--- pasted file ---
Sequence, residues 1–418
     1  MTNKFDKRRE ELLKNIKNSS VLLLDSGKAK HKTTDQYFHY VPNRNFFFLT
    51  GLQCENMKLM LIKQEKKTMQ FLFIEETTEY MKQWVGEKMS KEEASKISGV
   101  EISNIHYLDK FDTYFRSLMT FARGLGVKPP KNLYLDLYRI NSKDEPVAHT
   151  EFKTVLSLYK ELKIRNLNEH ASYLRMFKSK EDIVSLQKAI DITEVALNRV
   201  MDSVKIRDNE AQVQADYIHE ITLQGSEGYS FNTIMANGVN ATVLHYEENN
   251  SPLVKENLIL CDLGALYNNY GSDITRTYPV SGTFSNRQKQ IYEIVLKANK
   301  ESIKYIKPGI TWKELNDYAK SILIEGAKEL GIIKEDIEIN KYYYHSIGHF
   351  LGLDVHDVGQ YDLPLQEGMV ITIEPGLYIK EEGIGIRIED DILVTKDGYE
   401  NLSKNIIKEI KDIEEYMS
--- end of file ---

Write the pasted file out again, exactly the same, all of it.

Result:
Sequence, residues 1–418
     1  MTNKFDKRRE ELLKNIKNSS VLLLDSGKAK HKTTDQYFHY VPNRNFFFLT
    51  GLQCENMKLM LIKQEKKTMQ FLFIEETTEY MKQWVGEKMS KEEASKISGV
   101  EISNIHYLDK FDTYFRSLMT FARGLGVKPP KNLYLDLYRI NSKDEPVAHT
   151  EFKTVLSLYK ELKIRNLNEH ASYLRMFKSK EDIVSLQKAI DITEVALNRV
   201  MDSVKIRDNE AQVQADYIHE ITLQGSEGYS FNTIMANGVN ATVLHYEENN
   251  SPLVKENLIL CDLGALYNNY GSDITRTYPV SGTFSNRQKQ IYEIVLKANK
   301  ESIKYIKPGI TWKELNDYAK SILIEGAKEL GIIKEDIEIN KYYYHSIGHF
   351  LGLDVHDVGQ YDLPLQEGMV ITIEPGLYIK EEGIGIRIED DILVTKDGYE
   401  NLSKNIIKEI KDIEEYMS